Objectivity wins the day
My problem is not whether I go fishing or not, but where I go and what I fish for. In fact my wife finds it funny, how I tell her I am going on the Severn after barbel, and an hour later she asks me where on the river, and I reply that I’ve changed my mind and I’m targeting perch on the canal instead. And by the time I finally leave home I’ve got my tench gear in the back of the car as I’m doing an overnighter on a gravel pit! And I exaggerate not! In fact the same thing happened this week as a zander session on the lower Severn gave way to barbel on the middle river, but by the time I finally left home I was heading for the canal to do some carp fishing!
With summer now losing its grip, that wasn’t particularly a stronghold to start with, autumn is definitely creeping in. Walking a long distance to where I was going to spend the night, there weren’t many flowers in bloom, and those that were looked a little jaded. I saw a clump of red clover, a couple of red campions, a few white dead-nettles and apart from that it was down to masses of Himalayan balsam to brighten up the walk. It was a reasonable evening though and I was able to do the whole session in a tee-shirt. There have been evenings in June when I’ve been in my all-in-one suit. Ah, the joys of the British weather!
I arrived quite late at the canal, after all it was still school holiday time and I didn’t want to see my baited swim turned over by an enthusiastic water tourist squeezing the last drops of light out of the day. But I was spared the frustration of watching a boat bearing down on me, and so the bucket of pigeon conditioner seeds were exactly where I wanted them – exposed on the canal bed and not buried beneath a layer of leaves, twigs and silt. I had mixed three cupfuls of brown crumb in with the seeds to make throwing them out more efficient – on their own they tend to drop short, as well as in the required spot. Fishing boilie, I added several loose baits in with the PVA bag of pellets that I cast out with. On one rod I fished a pineapple pop-up and the other a scopex bottom boilie.
My mainline was 10lb Sufix Synergy and the hooklength 10lb Drennan Double Strength. Hooks were Drennan boilie hooks, size 4 for the scopex and size 6 for the pineapple as it was a smaller boilie. The swivels were pulled tightly into 1.5ounce leads creating a bolt rig effect once a fish took the bait. Casting out, I put the rods on the bite alarm and back rest, clipped on the hangers and settled back waiting for some action. I had two screaming runs, both of which I thought were carp, until I struck into them. I ended the session with two chub! But at least I wasn’t a blanker!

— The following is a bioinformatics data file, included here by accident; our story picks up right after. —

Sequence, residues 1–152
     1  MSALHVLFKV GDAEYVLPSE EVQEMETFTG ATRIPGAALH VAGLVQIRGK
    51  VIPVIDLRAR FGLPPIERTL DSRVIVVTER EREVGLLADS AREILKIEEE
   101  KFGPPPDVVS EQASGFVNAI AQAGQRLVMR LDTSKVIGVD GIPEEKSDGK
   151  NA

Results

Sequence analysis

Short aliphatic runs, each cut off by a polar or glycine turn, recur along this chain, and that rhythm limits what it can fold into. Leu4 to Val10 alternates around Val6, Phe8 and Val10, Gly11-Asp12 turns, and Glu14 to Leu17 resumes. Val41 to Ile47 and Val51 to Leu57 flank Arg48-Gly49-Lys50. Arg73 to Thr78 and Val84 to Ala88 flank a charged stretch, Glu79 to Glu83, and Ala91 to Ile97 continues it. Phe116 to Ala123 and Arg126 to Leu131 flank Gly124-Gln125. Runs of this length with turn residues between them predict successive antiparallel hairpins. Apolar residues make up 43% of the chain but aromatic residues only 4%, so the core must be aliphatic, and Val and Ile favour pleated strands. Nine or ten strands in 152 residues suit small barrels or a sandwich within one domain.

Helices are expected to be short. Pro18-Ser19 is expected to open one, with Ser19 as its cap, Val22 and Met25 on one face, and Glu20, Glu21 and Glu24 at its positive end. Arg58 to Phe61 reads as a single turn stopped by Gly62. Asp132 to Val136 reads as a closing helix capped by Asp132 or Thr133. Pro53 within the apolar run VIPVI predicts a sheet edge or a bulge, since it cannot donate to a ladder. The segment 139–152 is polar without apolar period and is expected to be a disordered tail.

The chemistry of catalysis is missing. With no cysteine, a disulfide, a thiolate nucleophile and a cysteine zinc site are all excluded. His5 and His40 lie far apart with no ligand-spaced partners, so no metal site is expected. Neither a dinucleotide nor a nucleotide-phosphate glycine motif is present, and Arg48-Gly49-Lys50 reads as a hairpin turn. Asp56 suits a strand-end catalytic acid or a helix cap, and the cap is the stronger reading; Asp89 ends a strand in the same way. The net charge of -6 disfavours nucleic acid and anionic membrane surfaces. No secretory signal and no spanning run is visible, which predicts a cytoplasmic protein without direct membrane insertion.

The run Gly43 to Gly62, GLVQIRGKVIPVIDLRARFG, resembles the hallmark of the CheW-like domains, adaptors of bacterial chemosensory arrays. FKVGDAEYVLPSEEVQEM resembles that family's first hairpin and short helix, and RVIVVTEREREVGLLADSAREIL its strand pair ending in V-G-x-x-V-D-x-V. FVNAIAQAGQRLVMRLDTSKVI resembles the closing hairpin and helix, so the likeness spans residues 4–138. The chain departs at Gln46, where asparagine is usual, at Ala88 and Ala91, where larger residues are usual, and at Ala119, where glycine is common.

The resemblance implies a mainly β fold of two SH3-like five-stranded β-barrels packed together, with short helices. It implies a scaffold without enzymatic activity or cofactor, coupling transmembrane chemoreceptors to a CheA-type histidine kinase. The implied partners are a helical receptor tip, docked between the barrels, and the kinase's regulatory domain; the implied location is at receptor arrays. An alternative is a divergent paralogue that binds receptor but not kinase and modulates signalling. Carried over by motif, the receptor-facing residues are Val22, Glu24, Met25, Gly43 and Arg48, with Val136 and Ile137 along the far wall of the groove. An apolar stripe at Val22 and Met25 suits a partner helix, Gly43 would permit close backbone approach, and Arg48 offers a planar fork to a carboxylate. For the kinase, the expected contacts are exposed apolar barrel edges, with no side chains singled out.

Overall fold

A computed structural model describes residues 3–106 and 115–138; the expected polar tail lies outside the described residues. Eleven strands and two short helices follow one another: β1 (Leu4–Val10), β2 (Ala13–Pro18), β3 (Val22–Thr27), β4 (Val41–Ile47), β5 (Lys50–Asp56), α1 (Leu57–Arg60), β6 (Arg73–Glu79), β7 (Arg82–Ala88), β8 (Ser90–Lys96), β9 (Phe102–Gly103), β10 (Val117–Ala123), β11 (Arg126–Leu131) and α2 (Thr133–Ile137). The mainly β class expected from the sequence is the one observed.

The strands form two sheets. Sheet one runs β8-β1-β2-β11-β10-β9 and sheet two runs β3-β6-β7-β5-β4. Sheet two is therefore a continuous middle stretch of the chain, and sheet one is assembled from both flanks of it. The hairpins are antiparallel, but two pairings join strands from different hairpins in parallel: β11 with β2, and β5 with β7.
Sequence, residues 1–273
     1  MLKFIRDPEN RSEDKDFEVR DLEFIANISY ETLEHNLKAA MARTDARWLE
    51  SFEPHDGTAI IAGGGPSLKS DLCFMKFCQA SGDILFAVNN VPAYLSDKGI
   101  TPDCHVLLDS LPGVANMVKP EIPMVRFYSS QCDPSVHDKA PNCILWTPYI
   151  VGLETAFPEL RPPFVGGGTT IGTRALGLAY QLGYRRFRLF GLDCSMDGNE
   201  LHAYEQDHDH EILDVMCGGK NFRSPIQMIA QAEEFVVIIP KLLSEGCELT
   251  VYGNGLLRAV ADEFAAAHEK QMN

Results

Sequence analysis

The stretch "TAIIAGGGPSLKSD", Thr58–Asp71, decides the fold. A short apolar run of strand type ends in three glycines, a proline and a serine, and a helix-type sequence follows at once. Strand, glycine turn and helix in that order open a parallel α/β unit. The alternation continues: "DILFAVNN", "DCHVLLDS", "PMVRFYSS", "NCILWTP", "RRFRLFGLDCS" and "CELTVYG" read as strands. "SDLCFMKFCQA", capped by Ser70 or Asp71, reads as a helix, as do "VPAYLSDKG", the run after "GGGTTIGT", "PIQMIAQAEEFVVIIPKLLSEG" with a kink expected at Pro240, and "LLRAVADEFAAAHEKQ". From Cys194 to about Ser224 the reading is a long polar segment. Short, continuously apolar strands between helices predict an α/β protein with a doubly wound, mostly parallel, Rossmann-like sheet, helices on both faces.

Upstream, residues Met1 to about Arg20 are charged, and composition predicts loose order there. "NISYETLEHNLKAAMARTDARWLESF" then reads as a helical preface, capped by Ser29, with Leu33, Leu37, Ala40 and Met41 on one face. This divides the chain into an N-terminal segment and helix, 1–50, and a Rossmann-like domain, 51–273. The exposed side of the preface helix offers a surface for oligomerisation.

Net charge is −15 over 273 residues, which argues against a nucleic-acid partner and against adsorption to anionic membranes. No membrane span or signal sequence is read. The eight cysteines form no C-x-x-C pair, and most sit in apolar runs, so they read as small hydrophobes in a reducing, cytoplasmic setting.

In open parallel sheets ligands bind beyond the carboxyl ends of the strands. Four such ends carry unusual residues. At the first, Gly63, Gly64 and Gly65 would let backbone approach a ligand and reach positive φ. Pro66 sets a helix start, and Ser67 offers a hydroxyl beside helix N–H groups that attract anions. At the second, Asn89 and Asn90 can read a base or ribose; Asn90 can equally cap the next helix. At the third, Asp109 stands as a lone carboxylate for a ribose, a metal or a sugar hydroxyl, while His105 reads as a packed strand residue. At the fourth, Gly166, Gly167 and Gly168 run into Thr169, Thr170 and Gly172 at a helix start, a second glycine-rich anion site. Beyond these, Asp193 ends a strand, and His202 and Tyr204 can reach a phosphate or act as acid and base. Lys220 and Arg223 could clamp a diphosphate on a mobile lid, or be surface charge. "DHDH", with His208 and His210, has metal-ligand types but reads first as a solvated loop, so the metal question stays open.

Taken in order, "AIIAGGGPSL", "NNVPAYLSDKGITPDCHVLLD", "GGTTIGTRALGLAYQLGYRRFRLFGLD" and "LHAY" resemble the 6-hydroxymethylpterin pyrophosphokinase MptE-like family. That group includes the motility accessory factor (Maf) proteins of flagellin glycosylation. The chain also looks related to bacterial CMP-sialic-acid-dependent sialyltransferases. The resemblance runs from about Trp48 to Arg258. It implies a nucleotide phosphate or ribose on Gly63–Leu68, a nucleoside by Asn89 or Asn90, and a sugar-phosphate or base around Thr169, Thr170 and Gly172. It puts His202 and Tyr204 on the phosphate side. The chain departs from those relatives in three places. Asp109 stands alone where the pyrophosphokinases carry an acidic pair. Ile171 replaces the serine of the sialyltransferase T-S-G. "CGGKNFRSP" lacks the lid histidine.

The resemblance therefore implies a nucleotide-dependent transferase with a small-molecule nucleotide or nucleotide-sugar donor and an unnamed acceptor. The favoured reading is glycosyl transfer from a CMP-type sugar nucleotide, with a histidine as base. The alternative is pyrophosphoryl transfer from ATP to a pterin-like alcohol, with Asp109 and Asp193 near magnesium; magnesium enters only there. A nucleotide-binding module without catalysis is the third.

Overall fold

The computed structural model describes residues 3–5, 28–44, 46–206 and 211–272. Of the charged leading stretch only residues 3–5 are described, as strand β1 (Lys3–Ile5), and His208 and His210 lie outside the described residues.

A greedy roach!
With two more sessions to complete the week, the middle one was the worst as far as catching fish was concerned. Even though I had roach plucks and small chub mini-runs, I blanked. However, I wasn’t going to be deterred that easily from my aim of catching a canal carp, so I got my thinking cap on in the meantime. And that’s where the title of the article comes from. If I had been thinking subjectively, in other words following my feelings, I would have quit and moved on to another target species and venue. But because I was thinking objectively, I knew that I should stick to the task ahead, as more often than not, perseverance and planning wins the day.
So although some might say I am a sucker for punishment, I rounded the week off in the same swim that in two overnight sessions had yielded just a brace of chub. I gave my approach some serious thought and the changes included bottom baits on both rods (tutti frutti and scopex), dispensing with the pigeon conditioner seeds and relying on small PVA bags on the cast, and fishing the left rod tighter towards far bank trees rather than mid-channel. In fact I was very confident indeed as I made my way once more along the lonely towpath to my chosen destination.
I ended the night with a handful of chub, a roach and a common carp. Apart from the roach, that came to the right rod, the other fish all fell to the tutti frutti boilie rod fished to the far bank. It’s great when it all comes together isn’t it! I do put a lot of thought into my fishing and when it goes to plan, I get a lot of pleasure. Some people think that the more time you spend fishing, the better the angler you will become. Well that isn’t necessarily so. After all I could spend ten hours a day playing golf but I’d never make a professional. I could train with the England football team, but I’d never make the squad. And likewise, the act of spending time at the water’s edge, in itself, will not make us better anglers.
Of course it helps when you have the time to spend fishing, but it’s more than that. Above all it’s about thinking objectively about what we are doing and why. It’s more than just turning up and considering the next step; the thinking angler will have already passed that level in the days leading up to the session. Even if you have limited time, that can still be used wisely. I see lots of anglers packing away four hours before dark after struggling all day long on a venue in the summer with the sun beating down. It’s better to fish three hours in the right place and at the right time than thirty when conditions aren’t right.
(click icon above for this week’s video)
(Originally published September 2009)